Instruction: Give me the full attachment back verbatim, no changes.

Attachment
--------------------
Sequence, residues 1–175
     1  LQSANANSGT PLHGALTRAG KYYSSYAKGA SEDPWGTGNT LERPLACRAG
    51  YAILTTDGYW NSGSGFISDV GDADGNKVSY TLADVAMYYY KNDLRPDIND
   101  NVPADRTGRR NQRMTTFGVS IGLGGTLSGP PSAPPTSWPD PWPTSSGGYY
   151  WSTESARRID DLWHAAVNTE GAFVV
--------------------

Sequence, residues 1–175
     1  LQSANANSGT PLHGALTRAG KYYSSYAKGA SEDPWGTGNT LERPLACRAG
    51  YAILTTDGYW NSGSGFISDV GDADGNKVSY TLADVAMYYY KNDLRPDIND
   101  NVPADRTGRR NQRMTTFGVS IGLGGTLSGP PSAPPTSWPD PWPTSSGGYY
   151  WSTESARRID DLWHAAVNTE GAFVV